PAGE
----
Гп composition the Boston facades arc much more linear and verti­cal than the curving modulations of the self-contained Newport block fronts (figs. 49 and 30). The corn plicated top molding which frames the Newport composition and refers the eye back to the base

molding has no counterpart in the light, perfunctory, terminating horizontal of Boston chests of drawers (figs, 51 and 52). As dissimilar in structure as in design, tile two tops are secured in place by radi­cal 1 yd і fFe rent met hods. The Boston top is rather summarily join ted to the side, occasionally accompanied by an external supporting fillet: In the Newport design this fillet grows into a weli-ariieulated molding which bands the front as well as the sides of the chest. The added height of tliis cove permits the Newport cabinetmaker to add two internal supporting horizontals (fig. 53) which anchor the top by means of neat dovetailed "keys," the rear one visible from the back (fig. 5+)- This arrangement has no counterpart in Boston construc­tion, where the top is usually grooved from front to back to accept tile side pieces (fig. 55).

Boston В lock front Furniture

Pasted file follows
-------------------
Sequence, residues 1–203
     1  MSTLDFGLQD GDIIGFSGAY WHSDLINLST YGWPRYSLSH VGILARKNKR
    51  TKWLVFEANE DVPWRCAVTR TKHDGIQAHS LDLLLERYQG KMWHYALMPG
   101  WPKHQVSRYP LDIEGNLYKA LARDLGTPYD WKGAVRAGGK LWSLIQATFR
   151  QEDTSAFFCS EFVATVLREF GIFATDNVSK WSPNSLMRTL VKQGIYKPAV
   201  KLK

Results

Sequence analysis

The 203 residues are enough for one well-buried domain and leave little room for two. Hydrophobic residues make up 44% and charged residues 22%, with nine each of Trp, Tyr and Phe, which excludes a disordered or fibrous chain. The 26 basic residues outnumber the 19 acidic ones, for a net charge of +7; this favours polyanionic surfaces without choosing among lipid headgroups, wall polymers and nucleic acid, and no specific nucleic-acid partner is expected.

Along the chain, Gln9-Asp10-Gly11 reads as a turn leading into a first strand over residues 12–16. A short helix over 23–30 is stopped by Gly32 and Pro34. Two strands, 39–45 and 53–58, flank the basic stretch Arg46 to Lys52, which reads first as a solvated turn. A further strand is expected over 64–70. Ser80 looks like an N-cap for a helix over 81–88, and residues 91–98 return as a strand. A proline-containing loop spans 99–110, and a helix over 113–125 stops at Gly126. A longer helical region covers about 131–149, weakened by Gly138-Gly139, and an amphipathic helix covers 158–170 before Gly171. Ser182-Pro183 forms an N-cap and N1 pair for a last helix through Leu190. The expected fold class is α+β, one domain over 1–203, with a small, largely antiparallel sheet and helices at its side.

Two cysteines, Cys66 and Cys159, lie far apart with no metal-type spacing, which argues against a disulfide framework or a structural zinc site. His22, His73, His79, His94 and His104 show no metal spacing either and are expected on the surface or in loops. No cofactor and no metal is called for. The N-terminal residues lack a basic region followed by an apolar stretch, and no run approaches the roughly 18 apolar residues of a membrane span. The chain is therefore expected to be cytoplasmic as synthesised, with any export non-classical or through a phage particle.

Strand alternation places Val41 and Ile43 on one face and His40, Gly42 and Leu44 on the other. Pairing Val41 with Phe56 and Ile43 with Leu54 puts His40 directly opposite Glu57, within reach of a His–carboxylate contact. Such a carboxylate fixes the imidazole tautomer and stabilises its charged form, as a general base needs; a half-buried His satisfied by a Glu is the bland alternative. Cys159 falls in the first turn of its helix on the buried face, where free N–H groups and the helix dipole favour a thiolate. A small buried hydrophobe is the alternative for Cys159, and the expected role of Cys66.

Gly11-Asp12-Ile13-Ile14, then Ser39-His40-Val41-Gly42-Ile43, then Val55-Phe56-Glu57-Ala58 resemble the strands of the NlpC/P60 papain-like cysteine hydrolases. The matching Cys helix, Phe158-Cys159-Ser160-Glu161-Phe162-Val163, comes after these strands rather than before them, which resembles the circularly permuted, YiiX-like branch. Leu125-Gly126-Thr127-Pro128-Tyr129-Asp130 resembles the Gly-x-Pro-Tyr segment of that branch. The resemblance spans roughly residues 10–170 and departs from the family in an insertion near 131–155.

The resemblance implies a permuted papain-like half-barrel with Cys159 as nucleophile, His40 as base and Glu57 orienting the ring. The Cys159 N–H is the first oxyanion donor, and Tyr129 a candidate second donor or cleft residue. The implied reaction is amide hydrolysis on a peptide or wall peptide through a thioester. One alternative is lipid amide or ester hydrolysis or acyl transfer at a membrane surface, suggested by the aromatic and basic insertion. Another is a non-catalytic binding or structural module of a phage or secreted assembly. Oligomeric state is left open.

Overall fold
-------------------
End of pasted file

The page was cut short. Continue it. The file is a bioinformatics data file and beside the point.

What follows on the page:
53. Dr тли oh a Nhw^oht Chest. This drawing shows the two interior horizontal pieces of seeondary wood running jfam side to sidr wftiih secure the top.

Подпись: 54. DETAIL OF THE Влек OF Л NEWPUHT CHEST, This drawing shows the ilduntln "key" which secures the top in place, joining it to the buck ant! fit the secondary elements.
Подпись: 55- DETAIL OF THE BACK OF Л BOSTON CHEST. This drawing shews the uSuai means offastening the top to the side and a more uncommon feature—дат ex-ternal fillet Mo№ the top.

Tlic ease bottoms are constructed with an equally marked differ­ence (figs. j6 and 57}. In boston blockfronis the strip of mahogany front which the bottom molding is carved is secured to the secondary piece of wood on a flush plane by means of a large central dovetail behind the central concavity. In Newport, on the other hand, the piece of mahogany from which the wide base molding is carved is quite straight. Although і г may have a thin supporting bar of second­ary wood behind, the piece which forms the actual bottom is found at least two inches below the top of the mahogany molding, and lacks the distinctive liosmn giant dovetail.

One curious feature in the otherwise meticulous design and eon-

Boston В lock front Furniture

56. Detail of a Nf. vfoet Chest with Bottom Drawer Removed. This irewittg ifivutf ihf typical form of cost mttntiiion [horizontal mahogany strip іеііггЛ the molding if jfai in basic and oaosimatty it supportfd 0 jjjrdff strip of secondary wood; calc bottom is about tunr inches bi’lom the lop I’dgc of tin• molding).

struct ion practices of Newport cabinetmakers is their use of visible dovetails to fasten the drawer dividers to the sides of the case (fig. j8). Perhaps it was precisely a matter of pride in their tightness of construction which prompted this practice. It is, however, a motif which appears too often and under too many names to be the idio­syncrasy of one man or one shop.[38] Boston cabinetmakers, on the